Trying to cook from Madame Saint-Ange can be maddening. A dish may call for a stock described in one chapter, thickened by a method described in another chapter and finished in a way described in yet another chapter.
It is clear that Madame intended this to be a work of instruction rather than something a cook would dip into when he felt like making dinner.
And that, undoubtedly, was how an earnest grad student like Aratow would have approached it.
Living in Paris while his then-wife was on her Fulbright scholarship (they had spent the previous year in Italy on his), he took to cooking as a break from his comparative literature studies.
Chez Panisse beginnings
WHEN they returned to Berkeley the next year, the couple began giving dinner parties. One of their frequent guests was a cinema buff named Tom Luddy, who ended up asking Aratow if he would like to help out his girlfriend, a would-be restaurateur named Alice Waters. (There is a strong bond between cinema and Chez Panisse -- the restaurant's name comes from a character in a Marcel Pagnol movie).
"They had found some backers for a restaurant, and he said Alice could cook, but she couldn't handle a commercial kitchen by herself; she needed some help," Aratow remembers.
As the chicken poaches, he begins to prepare the sauce, measuring equal weights of butter and flour in an antique French balancing scale and then whisking them together in a saucepan.
The butter and flour mixture is a little thick, so he adds more butter to make a smoother paste. Then he sets it aside to cool. Madame recommends combining the stock and the roux when both are lukewarm.
Aratow says he joined Waters at Chez Panisse on the condition that they would hire workers to do the actual cooking while he supervised, making sure the dishes were prepared according to Madame Saint-Ange.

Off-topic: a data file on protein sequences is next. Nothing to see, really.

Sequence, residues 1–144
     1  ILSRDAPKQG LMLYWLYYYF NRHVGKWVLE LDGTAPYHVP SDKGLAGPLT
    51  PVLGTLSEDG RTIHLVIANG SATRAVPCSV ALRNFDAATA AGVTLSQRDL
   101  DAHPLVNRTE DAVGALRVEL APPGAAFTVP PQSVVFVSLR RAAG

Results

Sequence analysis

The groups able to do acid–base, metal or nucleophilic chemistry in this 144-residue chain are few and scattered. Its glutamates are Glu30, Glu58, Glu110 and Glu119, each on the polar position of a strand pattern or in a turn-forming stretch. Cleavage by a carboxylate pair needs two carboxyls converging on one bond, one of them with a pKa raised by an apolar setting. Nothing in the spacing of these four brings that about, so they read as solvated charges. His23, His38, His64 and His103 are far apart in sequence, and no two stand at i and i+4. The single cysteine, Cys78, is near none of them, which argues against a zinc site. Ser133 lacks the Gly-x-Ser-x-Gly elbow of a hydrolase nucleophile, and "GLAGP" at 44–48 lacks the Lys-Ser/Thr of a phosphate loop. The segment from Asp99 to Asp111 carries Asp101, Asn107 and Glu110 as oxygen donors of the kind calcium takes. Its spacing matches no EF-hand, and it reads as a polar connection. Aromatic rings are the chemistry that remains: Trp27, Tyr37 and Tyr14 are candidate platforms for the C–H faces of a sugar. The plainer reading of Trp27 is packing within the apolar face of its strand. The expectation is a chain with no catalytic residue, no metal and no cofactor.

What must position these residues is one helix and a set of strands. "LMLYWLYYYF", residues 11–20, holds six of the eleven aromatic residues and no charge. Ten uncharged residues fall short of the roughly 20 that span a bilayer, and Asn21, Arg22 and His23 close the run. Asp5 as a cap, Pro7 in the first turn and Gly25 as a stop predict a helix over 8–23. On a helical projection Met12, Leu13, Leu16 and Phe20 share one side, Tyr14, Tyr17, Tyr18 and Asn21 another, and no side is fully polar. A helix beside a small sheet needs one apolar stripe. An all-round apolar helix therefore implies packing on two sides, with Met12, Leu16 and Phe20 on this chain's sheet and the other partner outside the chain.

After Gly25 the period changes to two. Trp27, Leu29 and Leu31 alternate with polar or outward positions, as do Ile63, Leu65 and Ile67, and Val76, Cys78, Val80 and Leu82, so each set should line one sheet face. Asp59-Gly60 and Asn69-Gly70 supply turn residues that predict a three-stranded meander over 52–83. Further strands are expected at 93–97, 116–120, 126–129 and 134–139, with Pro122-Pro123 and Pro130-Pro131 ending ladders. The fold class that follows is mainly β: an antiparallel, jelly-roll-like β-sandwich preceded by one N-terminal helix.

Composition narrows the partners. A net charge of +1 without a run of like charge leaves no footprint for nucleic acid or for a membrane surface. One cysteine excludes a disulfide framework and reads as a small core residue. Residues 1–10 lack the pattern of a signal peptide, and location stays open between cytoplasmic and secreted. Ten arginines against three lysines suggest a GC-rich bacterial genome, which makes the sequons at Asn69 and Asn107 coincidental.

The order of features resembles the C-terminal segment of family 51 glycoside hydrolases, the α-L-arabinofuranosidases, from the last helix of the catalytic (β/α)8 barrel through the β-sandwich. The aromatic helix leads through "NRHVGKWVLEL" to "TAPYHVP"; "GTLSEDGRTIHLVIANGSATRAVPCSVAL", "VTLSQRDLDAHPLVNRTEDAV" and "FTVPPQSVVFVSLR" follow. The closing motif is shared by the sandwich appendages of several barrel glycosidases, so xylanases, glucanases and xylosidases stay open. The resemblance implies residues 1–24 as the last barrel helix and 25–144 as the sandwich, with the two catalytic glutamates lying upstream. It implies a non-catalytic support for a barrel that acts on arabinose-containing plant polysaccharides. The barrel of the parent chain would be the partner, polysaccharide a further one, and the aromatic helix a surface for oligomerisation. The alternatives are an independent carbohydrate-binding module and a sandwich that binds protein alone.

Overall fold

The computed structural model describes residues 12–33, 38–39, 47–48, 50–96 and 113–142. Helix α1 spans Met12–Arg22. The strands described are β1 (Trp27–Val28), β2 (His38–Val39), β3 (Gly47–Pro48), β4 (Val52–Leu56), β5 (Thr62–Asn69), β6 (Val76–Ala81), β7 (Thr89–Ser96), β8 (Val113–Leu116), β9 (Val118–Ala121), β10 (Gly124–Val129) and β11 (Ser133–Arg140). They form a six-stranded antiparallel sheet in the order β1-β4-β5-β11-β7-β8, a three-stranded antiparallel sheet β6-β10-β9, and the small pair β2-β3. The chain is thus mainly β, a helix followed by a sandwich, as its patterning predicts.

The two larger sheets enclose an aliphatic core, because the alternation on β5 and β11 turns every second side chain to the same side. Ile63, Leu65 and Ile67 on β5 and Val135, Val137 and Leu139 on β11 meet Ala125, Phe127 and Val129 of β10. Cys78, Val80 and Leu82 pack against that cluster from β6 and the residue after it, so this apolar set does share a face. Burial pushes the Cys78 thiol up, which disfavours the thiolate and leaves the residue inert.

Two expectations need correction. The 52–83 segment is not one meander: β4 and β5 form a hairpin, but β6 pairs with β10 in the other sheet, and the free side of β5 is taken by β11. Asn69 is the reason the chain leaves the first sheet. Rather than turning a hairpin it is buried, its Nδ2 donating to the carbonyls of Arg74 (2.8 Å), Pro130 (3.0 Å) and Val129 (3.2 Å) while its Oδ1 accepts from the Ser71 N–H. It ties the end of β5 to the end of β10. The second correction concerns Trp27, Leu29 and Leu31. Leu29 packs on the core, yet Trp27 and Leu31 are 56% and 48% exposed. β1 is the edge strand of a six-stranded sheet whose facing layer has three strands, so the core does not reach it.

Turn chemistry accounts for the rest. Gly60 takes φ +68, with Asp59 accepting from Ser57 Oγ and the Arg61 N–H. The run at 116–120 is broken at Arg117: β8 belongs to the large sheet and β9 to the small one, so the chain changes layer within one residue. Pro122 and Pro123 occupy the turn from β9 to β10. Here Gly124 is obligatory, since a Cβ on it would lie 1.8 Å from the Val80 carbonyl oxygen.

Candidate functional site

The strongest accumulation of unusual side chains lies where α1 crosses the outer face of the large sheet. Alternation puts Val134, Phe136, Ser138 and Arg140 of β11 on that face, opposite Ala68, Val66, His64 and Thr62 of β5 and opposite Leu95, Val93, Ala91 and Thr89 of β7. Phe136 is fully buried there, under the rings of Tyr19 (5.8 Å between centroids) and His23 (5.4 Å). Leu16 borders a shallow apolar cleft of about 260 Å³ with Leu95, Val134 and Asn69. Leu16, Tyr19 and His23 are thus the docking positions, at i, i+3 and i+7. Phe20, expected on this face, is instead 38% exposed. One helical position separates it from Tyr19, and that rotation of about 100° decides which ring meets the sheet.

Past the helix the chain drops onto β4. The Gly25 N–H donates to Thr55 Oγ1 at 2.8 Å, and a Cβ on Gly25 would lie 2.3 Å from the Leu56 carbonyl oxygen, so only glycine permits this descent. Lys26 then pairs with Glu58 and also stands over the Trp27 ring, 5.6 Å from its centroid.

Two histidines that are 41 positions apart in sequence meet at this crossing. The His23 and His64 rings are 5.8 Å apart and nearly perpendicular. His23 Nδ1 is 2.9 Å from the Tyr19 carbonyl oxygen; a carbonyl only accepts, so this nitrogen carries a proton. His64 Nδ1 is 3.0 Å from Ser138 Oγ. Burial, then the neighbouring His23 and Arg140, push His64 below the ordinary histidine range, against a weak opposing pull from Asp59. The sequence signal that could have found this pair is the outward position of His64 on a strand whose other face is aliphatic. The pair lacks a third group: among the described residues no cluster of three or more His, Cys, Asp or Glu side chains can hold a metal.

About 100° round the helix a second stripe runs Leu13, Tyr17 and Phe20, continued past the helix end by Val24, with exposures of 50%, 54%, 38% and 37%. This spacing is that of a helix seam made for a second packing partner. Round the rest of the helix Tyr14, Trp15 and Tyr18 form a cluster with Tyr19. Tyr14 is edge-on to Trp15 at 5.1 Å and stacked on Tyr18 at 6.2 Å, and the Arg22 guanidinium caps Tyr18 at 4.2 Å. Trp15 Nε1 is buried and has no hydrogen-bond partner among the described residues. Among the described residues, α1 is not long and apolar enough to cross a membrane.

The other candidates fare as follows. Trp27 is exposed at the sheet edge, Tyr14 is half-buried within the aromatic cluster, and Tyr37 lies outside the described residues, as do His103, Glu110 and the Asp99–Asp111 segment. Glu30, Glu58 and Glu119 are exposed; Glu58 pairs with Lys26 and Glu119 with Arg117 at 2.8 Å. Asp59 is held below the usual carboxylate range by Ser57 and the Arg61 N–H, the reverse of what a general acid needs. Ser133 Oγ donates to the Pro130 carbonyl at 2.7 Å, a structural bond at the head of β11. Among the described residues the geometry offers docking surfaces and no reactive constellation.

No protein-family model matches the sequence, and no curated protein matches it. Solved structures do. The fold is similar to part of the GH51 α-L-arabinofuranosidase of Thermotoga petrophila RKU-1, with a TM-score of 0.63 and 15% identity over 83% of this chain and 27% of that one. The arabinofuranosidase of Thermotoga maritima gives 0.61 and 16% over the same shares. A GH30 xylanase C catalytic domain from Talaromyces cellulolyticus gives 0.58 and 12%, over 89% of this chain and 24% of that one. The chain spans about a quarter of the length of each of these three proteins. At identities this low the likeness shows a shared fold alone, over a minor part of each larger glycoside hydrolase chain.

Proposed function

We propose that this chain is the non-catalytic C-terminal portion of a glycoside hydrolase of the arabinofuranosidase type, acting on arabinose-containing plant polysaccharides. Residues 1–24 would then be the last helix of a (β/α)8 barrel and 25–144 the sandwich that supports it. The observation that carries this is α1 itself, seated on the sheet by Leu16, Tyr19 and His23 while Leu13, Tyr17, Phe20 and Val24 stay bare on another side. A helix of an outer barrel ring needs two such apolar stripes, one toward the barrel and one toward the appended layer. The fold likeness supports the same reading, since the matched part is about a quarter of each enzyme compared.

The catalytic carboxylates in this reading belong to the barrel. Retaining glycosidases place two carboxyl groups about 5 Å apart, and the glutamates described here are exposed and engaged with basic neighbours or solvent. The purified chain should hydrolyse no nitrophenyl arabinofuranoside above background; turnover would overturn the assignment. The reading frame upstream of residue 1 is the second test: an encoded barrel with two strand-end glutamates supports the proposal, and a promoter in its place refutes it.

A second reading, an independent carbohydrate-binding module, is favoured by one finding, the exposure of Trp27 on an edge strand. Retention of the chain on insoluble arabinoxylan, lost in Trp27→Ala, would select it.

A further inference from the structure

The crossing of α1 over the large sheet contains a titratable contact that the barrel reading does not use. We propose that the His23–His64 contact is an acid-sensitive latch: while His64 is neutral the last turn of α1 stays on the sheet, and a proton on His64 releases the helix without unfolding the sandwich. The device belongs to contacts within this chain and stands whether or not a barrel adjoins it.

"The idea was to open a restaurant like a French bistro, good solid country fare," he says. "We wanted to serve things that were not on anybody's menu back then -- boeuf bourguignon, poulet au blanc, cassoulet -- things that most people hadn't heard of. But they were all there in Madame Saint-Ange."
Then a couple of the cooks quit, and as part-owner he had to step in.
"Honestly, I thought I was going to die, the stress was just brutal," Aratow says. "We were flat broke. I'd be trying to figure out how to make payroll and I'd step into the kitchen and find a pool of fetid water under the refrigerator and start panicking about how much food had gone bad and how much we could save."
'See, no lumps'
THE chicken is done, so he removes it from the pan, strains the poaching liquid, reduces it by half and sets it aside to cool. After a few minutes, he whisks the cooled liquid into the cooled roux and then heats it. Gradually it thickens to a smooth, thick sauce.
"See, no lumps," Aratow says. "Just like Madame says." The broth fully incorporated, he begins beating whipping cream into the sauce.
At about the same time Aratow was becoming disenchanted with the restaurant world, Hollywood beckoned. He cashed out his half of the restaurant for $9,000 and headed south with a friend to make movies.
He had worked in film in the Bay Area, making mostly what he describes as "abstract shorts and really self-consciously arty things."
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